The name Preston Thomas Tucker unequivocally embodies the American dream. From a very young age, he dreamed of being a part of the automotive world, and in 1935, he obtained a degree in engineering. In the same year, he founded Miller and Tucker Inc. together with Harry Miller, who was already a winner with his cars at the Indy 500.
Due to the outbreak of the Second World War, Tucker’s original plans did not go as hoped. Instead, he decided to focus on military vehicles and, in 1938, he designed the prototype of a compact armoured car powered by a Packard V12.
Thanks to his contacts with the U.S. Army, Tucker was able to secure the assignment of a large former Dodge plant in Cicero, near Chicago, at the end of the war. It was here that his dream would become reality: to produce a revolutionary, technologically advanced, aerodynamic, comfortable and safe car that would reflect the opulent American clientele of the post-war period.
To bring his car to life, Tucker hired the young Alex Tremulis, who had previously participated in the design of the legendary Cord 812 in 1936. The final result was the prototype, named the Torpedo “Tin Goose”, an imposing 4-door sedan with an attractive design and a cx of just 0.27. The car adopted cutting-edge technical solutions, including a sophisticated four-wheel independent suspension system and the characteristic central headlight that followed the movements of the steering wheel to illuminate shadowed areas while cornering.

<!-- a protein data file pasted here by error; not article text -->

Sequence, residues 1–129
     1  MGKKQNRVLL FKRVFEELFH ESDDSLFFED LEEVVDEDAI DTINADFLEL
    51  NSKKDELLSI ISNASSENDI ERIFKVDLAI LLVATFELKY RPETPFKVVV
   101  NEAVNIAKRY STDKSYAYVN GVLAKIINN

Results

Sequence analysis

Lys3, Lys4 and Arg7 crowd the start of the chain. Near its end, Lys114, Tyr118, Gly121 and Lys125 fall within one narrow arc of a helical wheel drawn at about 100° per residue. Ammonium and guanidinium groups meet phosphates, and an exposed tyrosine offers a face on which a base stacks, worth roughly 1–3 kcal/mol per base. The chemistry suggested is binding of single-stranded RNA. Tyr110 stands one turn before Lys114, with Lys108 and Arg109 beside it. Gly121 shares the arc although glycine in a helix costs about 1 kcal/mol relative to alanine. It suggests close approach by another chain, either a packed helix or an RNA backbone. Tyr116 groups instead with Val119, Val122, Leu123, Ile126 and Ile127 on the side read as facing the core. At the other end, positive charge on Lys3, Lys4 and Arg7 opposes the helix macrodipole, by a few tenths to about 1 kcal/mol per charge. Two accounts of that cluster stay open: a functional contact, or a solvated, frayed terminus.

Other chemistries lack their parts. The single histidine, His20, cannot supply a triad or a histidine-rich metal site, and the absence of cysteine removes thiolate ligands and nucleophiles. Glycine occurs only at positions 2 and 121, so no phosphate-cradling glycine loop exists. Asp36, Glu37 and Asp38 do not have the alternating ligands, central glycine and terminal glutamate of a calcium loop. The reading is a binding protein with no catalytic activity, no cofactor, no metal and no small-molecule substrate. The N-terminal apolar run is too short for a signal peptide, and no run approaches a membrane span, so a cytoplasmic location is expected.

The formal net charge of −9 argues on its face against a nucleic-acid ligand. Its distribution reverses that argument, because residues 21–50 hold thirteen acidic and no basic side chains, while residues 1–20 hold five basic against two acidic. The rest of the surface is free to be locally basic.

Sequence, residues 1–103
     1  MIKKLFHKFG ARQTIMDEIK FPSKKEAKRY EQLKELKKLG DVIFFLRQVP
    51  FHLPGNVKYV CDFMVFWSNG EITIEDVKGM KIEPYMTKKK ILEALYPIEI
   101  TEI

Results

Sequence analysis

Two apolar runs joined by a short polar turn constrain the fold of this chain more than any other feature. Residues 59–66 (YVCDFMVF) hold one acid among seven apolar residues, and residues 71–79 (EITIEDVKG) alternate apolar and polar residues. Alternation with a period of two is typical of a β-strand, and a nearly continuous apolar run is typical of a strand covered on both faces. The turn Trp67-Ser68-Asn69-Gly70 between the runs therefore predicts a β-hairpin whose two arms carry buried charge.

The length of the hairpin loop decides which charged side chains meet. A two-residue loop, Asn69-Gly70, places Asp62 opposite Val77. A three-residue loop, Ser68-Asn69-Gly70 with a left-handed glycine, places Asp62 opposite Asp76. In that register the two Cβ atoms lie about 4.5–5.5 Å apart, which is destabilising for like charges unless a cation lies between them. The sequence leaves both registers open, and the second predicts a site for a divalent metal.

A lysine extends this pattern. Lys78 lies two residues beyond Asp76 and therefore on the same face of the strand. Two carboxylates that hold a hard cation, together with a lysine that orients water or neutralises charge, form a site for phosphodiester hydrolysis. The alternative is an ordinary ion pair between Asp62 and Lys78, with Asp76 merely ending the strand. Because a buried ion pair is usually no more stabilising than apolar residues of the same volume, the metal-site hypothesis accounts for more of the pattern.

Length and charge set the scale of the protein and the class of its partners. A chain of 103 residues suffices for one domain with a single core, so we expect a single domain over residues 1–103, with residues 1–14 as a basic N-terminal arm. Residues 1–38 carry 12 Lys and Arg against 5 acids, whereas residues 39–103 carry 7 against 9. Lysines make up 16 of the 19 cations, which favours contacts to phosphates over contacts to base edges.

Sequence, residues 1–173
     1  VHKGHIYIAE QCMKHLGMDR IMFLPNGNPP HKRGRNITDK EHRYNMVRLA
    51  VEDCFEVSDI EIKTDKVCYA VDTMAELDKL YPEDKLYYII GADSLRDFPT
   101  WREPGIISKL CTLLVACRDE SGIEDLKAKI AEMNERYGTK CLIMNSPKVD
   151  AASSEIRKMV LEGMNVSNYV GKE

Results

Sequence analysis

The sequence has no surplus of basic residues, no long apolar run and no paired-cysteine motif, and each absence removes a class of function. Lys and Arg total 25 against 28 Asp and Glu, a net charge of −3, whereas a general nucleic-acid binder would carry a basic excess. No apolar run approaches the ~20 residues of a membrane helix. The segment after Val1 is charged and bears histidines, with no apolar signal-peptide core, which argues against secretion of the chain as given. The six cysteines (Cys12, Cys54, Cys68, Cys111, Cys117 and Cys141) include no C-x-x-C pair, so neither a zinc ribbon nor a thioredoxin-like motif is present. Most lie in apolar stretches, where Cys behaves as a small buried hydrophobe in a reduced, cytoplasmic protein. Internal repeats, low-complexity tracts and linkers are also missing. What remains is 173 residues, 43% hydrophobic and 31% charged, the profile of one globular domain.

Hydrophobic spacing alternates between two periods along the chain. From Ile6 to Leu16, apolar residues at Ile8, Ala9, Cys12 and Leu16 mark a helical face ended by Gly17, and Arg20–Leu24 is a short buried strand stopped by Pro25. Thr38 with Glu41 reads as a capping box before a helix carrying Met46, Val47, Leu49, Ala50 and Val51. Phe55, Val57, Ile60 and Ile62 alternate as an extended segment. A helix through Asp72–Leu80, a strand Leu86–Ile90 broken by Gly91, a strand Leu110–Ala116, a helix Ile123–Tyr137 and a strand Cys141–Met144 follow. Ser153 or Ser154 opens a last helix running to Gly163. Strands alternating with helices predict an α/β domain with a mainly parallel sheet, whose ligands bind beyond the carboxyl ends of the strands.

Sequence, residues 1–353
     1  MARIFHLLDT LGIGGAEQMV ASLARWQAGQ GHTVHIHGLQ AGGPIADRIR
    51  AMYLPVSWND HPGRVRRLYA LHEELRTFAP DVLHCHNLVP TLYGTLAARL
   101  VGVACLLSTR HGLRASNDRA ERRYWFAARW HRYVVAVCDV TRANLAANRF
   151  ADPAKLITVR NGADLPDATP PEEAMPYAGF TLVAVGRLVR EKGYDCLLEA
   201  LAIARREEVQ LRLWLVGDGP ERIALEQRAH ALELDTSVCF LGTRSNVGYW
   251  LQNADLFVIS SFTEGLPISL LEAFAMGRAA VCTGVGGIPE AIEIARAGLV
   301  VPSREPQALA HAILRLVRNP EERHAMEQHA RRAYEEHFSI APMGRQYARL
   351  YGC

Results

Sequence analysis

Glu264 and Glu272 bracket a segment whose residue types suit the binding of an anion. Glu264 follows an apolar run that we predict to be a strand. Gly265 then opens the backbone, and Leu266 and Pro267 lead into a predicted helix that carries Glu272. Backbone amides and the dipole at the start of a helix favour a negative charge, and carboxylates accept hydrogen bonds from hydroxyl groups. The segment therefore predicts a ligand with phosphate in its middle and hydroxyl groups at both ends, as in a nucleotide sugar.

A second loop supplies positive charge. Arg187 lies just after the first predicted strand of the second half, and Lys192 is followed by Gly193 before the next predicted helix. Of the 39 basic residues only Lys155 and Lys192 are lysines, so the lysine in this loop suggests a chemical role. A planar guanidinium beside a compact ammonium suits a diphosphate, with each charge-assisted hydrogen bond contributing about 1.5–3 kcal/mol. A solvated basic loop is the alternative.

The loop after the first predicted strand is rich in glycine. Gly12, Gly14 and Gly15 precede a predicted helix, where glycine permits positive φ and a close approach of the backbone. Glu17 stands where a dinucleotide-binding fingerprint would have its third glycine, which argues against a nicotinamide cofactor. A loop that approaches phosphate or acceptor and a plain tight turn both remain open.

Following the presentation of the prototype in 1947, Tucker produced 50 examples, renamed the “48”, which received a very positive response from the public, resulting in the firm taking several million dollars’ worth of purchase deposits. Unfortunately, the commitment to sell more cars on paper than they could actually produce, along with difficulties in manufacturing such a modern and complicated car, led to an unfortunate end for Preston Tucker’s dream, plagued by financial and legal problems.
The story of Preston Tucker and his failed dream can be experienced through Francis Ford Coppola’s film “Tucker: The Man and His Dream,” which traces the life of a man who was a victim of his excessive desire to innovate.